Imperialism In Japan

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Imperialism is a policy of extending a country 's power and influence through colonization, use of military force, or other means (dictionary, 2017). It has changed many nations and cultures. The US’s interference on the reign of the Shogun era, gave power back to Empower Meiji and brought about changes to trade with the western world, which lead to the adoption of American education systems and government reform.
Because of Japan opening its borders and signing a treaty with the U.S, a trade route was opened and modern technologies were introduced to Japan. “It invested in education, technology, and research and development activities…start building world-class products” (Odagiri, 1996). The U.S input into trade and technology allowed them to start building products. This helped them advance themselves and put them on the map for other countries to approach Japan with similar requests. The western trade and influence helped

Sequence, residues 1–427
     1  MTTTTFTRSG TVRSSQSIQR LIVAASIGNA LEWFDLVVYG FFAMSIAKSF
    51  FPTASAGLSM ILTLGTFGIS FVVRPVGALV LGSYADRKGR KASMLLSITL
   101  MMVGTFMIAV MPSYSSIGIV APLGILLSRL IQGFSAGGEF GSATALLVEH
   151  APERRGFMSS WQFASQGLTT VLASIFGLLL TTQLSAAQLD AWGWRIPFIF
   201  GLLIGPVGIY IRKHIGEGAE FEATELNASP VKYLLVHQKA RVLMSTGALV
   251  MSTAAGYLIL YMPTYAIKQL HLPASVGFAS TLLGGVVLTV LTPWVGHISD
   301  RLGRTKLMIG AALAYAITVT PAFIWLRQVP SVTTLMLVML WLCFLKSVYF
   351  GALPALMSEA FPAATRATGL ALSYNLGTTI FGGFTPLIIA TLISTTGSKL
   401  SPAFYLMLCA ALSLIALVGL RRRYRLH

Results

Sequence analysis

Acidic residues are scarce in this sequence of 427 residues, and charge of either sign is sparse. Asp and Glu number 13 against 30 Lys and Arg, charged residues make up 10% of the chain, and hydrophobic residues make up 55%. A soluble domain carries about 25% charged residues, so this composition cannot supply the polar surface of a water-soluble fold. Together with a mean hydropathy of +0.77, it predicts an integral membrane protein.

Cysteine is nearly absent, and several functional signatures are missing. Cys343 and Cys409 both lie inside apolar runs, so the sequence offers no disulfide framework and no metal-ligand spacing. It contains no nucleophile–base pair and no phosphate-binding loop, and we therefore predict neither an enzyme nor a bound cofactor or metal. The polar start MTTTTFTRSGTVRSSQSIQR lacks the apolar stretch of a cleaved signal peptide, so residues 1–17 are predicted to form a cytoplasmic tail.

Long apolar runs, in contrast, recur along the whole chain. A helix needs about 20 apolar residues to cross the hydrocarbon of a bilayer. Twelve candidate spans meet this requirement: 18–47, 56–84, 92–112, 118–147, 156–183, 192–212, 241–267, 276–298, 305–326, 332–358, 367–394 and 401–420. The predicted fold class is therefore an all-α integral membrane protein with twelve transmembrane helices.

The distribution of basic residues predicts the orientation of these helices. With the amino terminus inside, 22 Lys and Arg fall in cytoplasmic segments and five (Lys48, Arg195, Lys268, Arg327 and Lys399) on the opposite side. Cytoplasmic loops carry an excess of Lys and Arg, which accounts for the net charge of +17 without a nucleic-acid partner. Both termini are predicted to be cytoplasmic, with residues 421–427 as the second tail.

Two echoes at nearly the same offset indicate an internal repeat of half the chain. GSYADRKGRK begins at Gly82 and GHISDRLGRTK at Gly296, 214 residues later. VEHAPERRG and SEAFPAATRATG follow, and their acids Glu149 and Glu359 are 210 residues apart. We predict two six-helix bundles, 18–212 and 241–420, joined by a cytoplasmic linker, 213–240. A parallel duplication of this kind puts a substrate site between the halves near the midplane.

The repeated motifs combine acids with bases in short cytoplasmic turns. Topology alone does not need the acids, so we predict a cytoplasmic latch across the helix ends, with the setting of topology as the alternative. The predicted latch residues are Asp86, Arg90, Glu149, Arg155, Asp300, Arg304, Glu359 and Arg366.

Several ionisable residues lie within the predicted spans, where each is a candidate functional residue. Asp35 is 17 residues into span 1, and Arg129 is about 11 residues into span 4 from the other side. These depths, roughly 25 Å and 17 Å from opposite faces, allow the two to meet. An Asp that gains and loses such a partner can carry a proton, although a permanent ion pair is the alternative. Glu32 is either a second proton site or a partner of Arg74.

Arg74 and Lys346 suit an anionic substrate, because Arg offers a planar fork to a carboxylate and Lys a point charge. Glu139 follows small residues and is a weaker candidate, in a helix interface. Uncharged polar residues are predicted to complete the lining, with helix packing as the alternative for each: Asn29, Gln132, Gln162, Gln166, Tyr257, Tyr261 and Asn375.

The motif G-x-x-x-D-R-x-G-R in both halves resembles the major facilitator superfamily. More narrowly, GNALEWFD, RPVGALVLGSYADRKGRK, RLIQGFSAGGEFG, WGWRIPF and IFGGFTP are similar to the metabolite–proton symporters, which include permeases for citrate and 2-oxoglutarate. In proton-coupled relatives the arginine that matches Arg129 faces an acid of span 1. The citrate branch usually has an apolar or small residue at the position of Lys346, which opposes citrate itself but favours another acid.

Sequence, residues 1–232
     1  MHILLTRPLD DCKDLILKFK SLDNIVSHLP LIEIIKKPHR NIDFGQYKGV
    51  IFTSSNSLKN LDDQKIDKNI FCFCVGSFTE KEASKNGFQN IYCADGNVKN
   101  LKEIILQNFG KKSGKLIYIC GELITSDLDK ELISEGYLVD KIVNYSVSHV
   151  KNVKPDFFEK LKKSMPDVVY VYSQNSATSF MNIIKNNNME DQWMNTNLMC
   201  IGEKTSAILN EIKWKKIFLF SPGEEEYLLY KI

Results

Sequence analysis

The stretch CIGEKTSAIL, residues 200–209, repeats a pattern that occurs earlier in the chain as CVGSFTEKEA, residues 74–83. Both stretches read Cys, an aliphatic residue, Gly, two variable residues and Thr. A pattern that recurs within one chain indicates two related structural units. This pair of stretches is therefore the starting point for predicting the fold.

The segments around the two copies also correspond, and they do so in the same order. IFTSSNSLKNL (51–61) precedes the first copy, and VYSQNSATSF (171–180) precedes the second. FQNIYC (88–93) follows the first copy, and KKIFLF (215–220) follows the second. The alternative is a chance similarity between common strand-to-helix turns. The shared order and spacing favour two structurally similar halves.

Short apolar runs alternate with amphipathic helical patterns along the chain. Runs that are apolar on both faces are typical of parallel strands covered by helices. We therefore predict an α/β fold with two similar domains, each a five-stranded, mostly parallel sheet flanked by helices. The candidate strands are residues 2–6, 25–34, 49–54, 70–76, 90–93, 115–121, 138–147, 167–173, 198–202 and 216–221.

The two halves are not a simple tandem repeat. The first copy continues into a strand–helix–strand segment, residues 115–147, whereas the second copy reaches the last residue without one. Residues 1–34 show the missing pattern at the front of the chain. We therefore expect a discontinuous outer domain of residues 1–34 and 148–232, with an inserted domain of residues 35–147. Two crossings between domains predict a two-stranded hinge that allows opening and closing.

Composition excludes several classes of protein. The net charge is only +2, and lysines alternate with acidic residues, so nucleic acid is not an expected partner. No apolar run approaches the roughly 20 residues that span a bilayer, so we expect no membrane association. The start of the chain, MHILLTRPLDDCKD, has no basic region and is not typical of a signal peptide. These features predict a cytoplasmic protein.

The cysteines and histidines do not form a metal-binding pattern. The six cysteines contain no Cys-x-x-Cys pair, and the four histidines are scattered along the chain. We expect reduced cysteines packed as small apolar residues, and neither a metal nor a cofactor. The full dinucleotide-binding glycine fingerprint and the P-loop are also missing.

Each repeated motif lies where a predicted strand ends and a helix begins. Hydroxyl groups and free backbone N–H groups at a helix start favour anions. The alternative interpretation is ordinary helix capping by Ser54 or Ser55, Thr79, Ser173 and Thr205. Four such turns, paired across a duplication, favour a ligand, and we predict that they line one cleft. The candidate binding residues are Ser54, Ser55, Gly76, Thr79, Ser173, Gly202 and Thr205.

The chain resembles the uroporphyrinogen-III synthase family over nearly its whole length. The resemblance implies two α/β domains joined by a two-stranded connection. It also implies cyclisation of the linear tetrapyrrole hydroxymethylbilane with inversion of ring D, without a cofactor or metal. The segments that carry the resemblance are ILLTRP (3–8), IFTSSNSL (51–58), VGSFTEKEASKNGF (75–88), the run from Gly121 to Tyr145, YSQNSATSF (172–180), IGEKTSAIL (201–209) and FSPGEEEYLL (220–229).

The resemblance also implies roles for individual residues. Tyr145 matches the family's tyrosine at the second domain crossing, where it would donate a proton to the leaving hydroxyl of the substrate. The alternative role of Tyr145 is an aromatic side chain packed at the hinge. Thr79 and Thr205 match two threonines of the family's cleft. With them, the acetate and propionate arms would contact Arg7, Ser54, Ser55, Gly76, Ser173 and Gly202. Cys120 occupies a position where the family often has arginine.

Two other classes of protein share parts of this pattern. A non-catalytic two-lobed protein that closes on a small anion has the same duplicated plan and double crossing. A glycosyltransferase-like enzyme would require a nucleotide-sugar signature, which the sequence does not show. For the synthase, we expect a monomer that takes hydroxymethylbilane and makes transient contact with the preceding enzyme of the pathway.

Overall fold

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The Emperor Meiji adopted a system used by western Europe and north America to educate their citizens. This reform was widespread educational institutions for commoners. “This transformation occurred first in Western Europe and North America… convinced that a limited education for local masses would have a positive effect” (Platt, ND). North America’s education system was believed to have a positive effect on the country. Citizens could now build more technical products and become more efficient, making the country’s economy much better. “By 1906, school attendance was as high as 95%, and Japan boasted one of the highest literacy rates in the world” (Canadian Heritage Network, 1999). This made the government realise the importance of education in modernizing Japan. Imperial Rescript of Education “laid the foundations for modern education in Japan” (CHIN, 1999). Without this influence Japan’s education would have been almost non-existent, and japan could not progress itself as a
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